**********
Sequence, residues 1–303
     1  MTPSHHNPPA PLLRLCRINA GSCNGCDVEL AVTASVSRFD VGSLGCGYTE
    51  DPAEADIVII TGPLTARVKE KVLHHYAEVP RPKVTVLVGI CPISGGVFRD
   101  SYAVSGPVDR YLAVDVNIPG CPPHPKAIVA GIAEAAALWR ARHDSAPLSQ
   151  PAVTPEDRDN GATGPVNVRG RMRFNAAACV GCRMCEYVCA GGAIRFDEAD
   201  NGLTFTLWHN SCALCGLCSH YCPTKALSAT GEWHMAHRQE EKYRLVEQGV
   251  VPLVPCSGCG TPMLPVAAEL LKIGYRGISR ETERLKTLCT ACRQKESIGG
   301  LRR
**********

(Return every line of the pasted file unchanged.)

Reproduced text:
Sequence, residues 1–303
     1  MTPSHHNPPA PLLRLCRINA GSCNGCDVEL AVTASVSRFD VGSLGCGYTE
    51  DPAEADIVII TGPLTARVKE KVLHHYAEVP RPKVTVLVGI CPISGGVFRD
   101  SYAVSGPVDR YLAVDVNIPG CPPHPKAIVA GIAEAAALWR ARHDSAPLSQ
   151  PAVTPEDRDN GATGPVNVRG RMRFNAAACV GCRMCEYVCA GGAIRFDEAD
   201  NGLTFTLWHN SCALCGLCSH YCPTKALSAT GEWHMAHRQE EKYRLVEQGV
   251  VPLVPCSGCG TPMLPVAAEL LKIGYRGISR ETERLKTLCT ACRQKESIGG
   301  LRR